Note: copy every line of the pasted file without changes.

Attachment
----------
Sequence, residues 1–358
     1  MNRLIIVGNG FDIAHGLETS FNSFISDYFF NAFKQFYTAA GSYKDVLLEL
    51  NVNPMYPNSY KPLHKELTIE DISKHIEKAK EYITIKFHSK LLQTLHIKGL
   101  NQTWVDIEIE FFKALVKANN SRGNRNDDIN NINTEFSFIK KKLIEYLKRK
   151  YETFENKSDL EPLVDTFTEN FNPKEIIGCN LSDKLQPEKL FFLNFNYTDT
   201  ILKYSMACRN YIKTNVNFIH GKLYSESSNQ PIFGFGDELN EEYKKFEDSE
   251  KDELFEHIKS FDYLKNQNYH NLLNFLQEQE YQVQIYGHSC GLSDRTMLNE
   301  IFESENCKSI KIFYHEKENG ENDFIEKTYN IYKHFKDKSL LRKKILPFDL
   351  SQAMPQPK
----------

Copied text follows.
Sequence, residues 1–358
     1  MNRLIIVGNG FDIAHGLETS FNSFISDYFF NAFKQFYTAA GSYKDVLLEL
    51  NVNPMYPNSY KPLHKELTIE DISKHIEKAK EYITIKFHSK LLQTLHIKGL
   101  NQTWVDIEIE FFKALVKANN SRGNRNDDIN NINTEFSFIK KKLIEYLKRK
   151  YETFENKSDL EPLVDTFTEN FNPKEIIGCN LSDKLQPEKL FFLNFNYTDT
   201  ILKYSMACRN YIKTNVNFIH GKLYSESSNQ PIFGFGDELN EEYKKFEDSE
   251  KDELFEHIKS FDYLKNQNYH NLLNFLQEQE YQVQIYGHSC GLSDRTMLNE
   301  IFESENCKSI KIFYHEKENG ENDFIEKTYN IYKHFKDKSL LRKKILPFDL
   351  SQAMPQPK